Think of this as Volume 16, Number 47 of A-Clue.com, the online newsletter I've written since 1997. Enjoy.
It wasn't about race, and it wasn't
about class. It was about economics, specifically the economic model
most of us grew up in.
That model is the suburb.
The modern American suburb was a
product of the post-war boom. It featured small houses on
postage-stamp lots, where former soldiers and their wives could raise
children in peace with the men working in nearby offices or
factories. (Above, Levittown, New York.)
What did one do in an office, after
commuting 60-90 minutes on clogged highways to get there? Mostly, it
was stuff you could now do from home. The secretarial jobs are gone,
the middle management ones too. You don't need people to calculate
sales and expenses, and networked PCs allow creative sharing online
that's almost as effective as face-to-face. Salesmen don't need
offices, they need to get out in the field with the customers.
There's just not enough value add in office work to justify the
expense of rent, of commuting and enough in salary to keep up with
Today's value-add comes from the
campus. Specifically, it comes from scientific research, and
engineering needed to bring the result into production as new goods
and services. It comes from robotics, from 3D printing, from biotech,
from energy research. Mamas don't let your babies grow up to be
brokers. Raise them to be engineers and scientists, people who can
take the abundance of Moore's Law and turn it into the abundance of
energy the world craves.
This change has been underway for 20
years, since well before Richard Florida dubbed the new work force
the “Creative Class.” He foresaw that the border between living
and working was breaking down. He foresaw the greater urban density
of our time. And he foresaw that tolerance would attract these people
– that breakthroughs could come from any mind, and all minds would
have to be on deck 24-7 to make breakthroughs.
The impact of this on many suburbs has
been profound. More suburbanites now work in the suburbs, either from
home-offices or in nearby office parks, labs, hospitals, and
colleges. Suburbs need to become self-sufficient. The era of the
“ultra-commute” is dying, not just because of its financial cost,
but because it's 3 hours of wasted time each day.
But these changes haven't been fully
realized in the South, where I live now. The South – the curve of
states from Virginia to Texas sometimes called the “Old
Confederacy,” took to the old suburban model like ducks to water.
Whites loved the idea that they could simply move away from urban
problems, cocooning themselves in new towns further-and-further out,
building wherever the government sent the freeways while claiming to
be self-sufficient. They came to love zoning, the separation of
homes, institutions and shops from one another, the necessity of
having a car. The South is now one big suburb.
The problem here isn't race. The
problem is that cities like Atlanta are living like it's 1966, and
it's almost 2013. It's urban universities like Georgia Tech and Emory
that drive the economy now, not the office towers on the I-285
Perimeter. Those buildings have become factories where engineers do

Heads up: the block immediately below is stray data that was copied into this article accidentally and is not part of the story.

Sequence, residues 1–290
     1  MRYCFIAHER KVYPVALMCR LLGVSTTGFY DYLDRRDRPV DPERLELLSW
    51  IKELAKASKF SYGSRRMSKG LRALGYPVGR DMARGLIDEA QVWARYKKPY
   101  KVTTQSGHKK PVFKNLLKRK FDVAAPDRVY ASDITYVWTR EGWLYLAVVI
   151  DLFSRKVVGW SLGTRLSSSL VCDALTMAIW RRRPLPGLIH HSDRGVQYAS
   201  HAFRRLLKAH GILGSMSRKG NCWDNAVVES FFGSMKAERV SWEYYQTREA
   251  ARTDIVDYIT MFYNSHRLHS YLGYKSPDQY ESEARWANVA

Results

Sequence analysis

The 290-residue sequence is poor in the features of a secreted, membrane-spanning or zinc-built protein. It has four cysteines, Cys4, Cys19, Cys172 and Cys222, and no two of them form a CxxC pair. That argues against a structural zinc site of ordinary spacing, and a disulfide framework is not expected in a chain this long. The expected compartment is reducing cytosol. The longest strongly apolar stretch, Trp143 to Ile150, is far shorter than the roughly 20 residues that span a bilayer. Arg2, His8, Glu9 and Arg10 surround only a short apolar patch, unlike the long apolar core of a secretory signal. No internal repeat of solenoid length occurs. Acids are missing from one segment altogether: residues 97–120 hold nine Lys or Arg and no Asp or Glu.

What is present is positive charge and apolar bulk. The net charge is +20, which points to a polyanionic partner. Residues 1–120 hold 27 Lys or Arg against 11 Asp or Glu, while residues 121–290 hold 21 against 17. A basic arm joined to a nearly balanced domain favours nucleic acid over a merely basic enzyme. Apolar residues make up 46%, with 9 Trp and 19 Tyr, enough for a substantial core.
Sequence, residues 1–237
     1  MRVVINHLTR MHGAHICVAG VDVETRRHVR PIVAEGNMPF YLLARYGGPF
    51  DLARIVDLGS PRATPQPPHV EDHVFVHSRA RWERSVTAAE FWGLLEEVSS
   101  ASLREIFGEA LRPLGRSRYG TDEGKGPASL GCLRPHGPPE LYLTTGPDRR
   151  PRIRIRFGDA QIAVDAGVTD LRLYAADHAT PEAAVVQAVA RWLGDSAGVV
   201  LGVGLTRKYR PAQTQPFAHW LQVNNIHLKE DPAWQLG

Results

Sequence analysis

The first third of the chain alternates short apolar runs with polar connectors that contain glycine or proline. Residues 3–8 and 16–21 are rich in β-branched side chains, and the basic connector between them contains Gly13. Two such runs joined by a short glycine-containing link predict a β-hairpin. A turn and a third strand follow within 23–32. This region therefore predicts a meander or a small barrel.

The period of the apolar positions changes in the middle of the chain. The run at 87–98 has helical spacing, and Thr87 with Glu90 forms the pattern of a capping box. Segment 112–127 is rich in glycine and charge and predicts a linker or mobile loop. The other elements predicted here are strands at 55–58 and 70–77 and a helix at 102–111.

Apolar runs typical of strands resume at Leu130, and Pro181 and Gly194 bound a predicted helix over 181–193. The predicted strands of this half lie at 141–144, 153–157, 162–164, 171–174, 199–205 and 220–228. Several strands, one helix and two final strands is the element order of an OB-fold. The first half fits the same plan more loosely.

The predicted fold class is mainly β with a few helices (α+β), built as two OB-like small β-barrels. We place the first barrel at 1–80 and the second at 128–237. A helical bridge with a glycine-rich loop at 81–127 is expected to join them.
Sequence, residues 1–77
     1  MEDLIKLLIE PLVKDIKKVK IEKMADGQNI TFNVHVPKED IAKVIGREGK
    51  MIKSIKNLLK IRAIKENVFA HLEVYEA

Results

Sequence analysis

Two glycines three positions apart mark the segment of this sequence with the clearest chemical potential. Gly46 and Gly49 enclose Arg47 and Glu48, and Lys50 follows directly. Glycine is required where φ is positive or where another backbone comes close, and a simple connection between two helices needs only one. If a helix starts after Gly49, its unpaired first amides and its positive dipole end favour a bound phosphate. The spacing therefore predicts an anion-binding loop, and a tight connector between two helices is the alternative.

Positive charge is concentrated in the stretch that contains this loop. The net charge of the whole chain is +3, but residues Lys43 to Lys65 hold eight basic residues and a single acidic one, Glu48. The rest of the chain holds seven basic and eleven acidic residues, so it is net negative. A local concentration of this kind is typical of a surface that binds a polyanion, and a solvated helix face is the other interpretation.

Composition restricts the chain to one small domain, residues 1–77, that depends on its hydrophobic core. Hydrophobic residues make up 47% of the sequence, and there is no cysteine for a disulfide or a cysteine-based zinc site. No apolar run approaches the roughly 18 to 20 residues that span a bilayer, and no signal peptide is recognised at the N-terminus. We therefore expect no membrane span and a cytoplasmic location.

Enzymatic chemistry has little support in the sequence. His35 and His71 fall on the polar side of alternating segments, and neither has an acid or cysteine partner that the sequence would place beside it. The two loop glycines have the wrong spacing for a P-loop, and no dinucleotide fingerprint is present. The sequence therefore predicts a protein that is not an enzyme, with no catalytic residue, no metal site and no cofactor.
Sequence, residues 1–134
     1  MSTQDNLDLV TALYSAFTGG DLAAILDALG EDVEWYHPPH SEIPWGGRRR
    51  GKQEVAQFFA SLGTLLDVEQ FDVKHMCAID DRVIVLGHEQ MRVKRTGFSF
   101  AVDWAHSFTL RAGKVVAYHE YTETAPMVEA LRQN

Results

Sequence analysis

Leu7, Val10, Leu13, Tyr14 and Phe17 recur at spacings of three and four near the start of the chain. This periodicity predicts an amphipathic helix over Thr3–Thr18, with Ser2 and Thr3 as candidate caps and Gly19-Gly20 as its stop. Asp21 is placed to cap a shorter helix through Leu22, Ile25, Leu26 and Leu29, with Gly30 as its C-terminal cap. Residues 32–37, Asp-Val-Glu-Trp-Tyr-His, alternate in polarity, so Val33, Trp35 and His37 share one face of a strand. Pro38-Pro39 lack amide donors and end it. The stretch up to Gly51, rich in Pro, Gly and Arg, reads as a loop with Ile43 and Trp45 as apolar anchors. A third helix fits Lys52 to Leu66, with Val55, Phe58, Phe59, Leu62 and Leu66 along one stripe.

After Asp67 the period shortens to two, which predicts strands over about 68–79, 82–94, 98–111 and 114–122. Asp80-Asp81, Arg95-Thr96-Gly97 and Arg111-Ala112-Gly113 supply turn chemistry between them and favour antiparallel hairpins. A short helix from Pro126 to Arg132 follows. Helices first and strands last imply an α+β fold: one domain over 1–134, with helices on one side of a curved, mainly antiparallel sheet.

the one thing that must still be done by hand – computer
programming. But even here tools are gradually getting better, and as
computers get faster the programming can get sloppier, programmers
more productive. Business computing is becoming increasingly
automated, in other words, and the center of the business is moving
more-and-more to creative tasks like security and imagining uses for
the increased abundance of the broadband Internet and the cloud.
In a suburb you don't have to see
anyone you don't want to see. You get into your car, you get to your
office, you make the return trip. You associate in church and at
schools only with your own kind. In a city you start to walk, or
bicycle, you may even ride a bus or a train because it's cheaper and
more convenient in short distances, and you see your fellow citizens.
You rub elbows and learn to tolerate the closeness. And when people
are right there next to you, it's harder to dismiss their problems,
to dehumanize them. White voters in Atlanta's inner core are more
like those on today's Long Island than like the people in the suburbs
they left behind.
(I found the picture below on the web, and I'm told on good authority one of the people pictured is my son. I'll let y'all play "Where's Waldo" with that.)
In short, the problem the Republican
Party faces isn't race. The Confederacy doesn't vote Republican
because they're bigots. They vote that way because they're attached
to old economic models of living, because things are getting harder
out in Snellville and Hiram, because the lifestyle they think of as
immutable is becoming obsolete.
Republicans have to deal with the new
cities, not just the black and brown and Asian and gay and female
people who may be producing tomorrow in them, but the cities. You
can't afford to run away any more, or fewer people can. Density is
going to increase, and society has to adapt to that. It can, by
building small urban cores around suburban towns and college
campuses, but it's going to take time.
Until the Republican Party adjusts to
that economic reality, the re-citifying of America, until they can
offer practical ways to maintain and even improve the common
infrastructure, they'll remain lost and increasingly irrelevant.
That's what Mitt Romney's voters were crying about, the loss of an
old lifestyle. The outer suburbs of the Sun Belt are our new Rust